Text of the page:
University Model Explained

A University-Model Education

by Ann Lowrey Forster

At St. Augustine School we seek to cultivate excellence, wisdom, and joy by assisting parents in the education of their children, so that they may grow into a thorough understanding of God’s truth, goodness, and beauty. A University-Model education assists us in this mission in some key ways. This distinctive of St. Augustine is probably the most new to folks, and so we hope to explain what this approach entails and how it is integral to our mission.

What is the University Model?

The “University Model” is a trademarked term, protected and supported by an organization, the National Association of University-Model Schools (NAUMS). St. Augustine is a member school of NAUMS and we have benefited greatly from those schools that have gone before in this fairly new model. The basic principle of University-Model education is that some traditionally core-classroom time is redirected to time in a satellite classroom, usually in the home, and some portion of teaching responsibilities are redirected to a co-teacher, usually the parent of the child. Rather than the traditional thirty-five hours a week of the five-day school, a child comes to class at a University-Model school between twelve and twenty hours a week.

The University Model gets its name from the university setting. In college, most classes are taught three hours per week, requiring an additional three hours of outside-the-class work. In University-Model education, we hope to do exactly that – model the university. This model allows for fewer hours in a classroom and thus more efficient, flexible work that promotes family relationships and individual growth.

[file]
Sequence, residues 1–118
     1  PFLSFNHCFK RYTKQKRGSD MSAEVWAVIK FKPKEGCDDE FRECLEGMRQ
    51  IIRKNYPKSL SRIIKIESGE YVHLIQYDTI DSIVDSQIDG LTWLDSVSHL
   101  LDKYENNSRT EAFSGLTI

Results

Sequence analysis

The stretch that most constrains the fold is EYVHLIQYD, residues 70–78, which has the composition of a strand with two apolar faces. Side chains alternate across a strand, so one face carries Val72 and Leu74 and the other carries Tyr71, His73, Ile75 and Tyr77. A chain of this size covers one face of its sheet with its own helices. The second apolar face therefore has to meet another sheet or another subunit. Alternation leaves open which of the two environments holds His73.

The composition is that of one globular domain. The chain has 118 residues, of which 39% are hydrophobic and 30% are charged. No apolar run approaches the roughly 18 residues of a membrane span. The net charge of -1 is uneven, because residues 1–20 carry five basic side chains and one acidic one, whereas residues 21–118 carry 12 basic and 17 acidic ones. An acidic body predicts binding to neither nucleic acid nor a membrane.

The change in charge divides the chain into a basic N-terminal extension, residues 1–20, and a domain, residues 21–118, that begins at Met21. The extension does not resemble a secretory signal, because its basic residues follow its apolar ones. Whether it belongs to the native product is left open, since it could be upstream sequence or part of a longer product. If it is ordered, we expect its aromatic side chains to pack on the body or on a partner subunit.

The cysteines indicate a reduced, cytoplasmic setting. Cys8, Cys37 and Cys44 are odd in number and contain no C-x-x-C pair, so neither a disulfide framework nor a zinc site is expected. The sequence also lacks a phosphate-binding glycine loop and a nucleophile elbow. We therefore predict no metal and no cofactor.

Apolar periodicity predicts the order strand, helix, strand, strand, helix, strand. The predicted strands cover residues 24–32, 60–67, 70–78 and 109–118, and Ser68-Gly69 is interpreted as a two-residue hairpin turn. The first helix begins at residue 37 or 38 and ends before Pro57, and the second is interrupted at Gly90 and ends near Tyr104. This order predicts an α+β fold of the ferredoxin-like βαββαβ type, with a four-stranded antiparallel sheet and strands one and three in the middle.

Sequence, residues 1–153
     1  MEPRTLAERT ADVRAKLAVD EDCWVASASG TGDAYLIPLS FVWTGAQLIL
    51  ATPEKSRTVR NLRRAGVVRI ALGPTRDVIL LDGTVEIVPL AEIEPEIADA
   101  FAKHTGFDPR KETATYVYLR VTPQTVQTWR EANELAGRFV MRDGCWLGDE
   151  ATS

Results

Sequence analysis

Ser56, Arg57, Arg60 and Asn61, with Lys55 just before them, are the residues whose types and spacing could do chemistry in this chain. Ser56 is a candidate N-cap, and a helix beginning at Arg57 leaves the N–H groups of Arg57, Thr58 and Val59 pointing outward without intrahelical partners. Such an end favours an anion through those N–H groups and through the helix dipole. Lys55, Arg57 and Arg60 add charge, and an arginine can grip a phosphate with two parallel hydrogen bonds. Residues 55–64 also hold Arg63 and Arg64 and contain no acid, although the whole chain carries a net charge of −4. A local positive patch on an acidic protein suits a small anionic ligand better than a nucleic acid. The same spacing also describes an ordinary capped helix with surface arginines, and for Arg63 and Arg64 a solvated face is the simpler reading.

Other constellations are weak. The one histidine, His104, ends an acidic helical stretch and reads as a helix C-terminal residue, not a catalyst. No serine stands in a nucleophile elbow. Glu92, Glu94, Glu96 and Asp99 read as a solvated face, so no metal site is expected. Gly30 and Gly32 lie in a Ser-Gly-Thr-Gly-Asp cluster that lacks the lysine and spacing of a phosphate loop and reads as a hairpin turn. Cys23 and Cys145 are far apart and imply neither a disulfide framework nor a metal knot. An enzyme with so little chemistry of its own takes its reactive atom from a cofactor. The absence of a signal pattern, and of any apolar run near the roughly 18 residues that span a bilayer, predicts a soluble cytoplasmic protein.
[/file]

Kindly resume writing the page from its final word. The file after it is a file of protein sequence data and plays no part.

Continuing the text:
Assisting Parents

Scripture teaches that parents have the responsibility of educating their children, and at St. Augustine School, we seek to honor and uphold that truth. We do believe that parents can wisely delegate portions of those responsibilities, but that is what it is – delegation – not abdication.  In this goal of parents holding onto their God-given responsibility, the simple matter of time is important. When parents do not see their children, relationships are difficult, and their role in the education of their children can be eroded. The more hours a parent has face-to-face with his or her child, the more naturally involvement in education will flow out of that relationship.

At St. Augustine, we have chosen the University Model to allow for more time, for parents to be primary influences in the lives of their children. We trust that this will lead to involvement in education, the building up of relationships, and the transmission of truths of the faith. The school provides professional instruction, educational expertise, and a community of learners, while allowing for parents to come in and be a real part of the learning experience for each child.

Cultivating Joy

In addition to the University Model encouraging the strengthening of family relationships, it also assists in the cultivation of a joyful educational experience. Because some of the work is redirected to a satellite classroom, it can often be completed more efficiently. This means, for the young child, fewer hours seated with a pencil in hand and more hours outside, at play, and visiting exciting places.  Wonder and delight are gifts from God, but it is difficult to experience much of them behind a desk.  We want our students to be outside, to be in the community, to be doing the things that put grins on the faces of the young, and we believe that the University Model is a great aid in this pursuit.  For the older child, oftentimes joy is found in pursuing his or her own interests, both academically and experientially. The University Model allows for time for these pursuits. The wonder of the child evolves to become the engagement of the adolescent. When they are young, they look and talk about the anteater or the beautiful painting; when they are older, they read about the anteater, write about the painting, and find part time jobs at the zoo or the art museum. The University Model allows for that joy to grow into pursuit by providing time outside the classroom.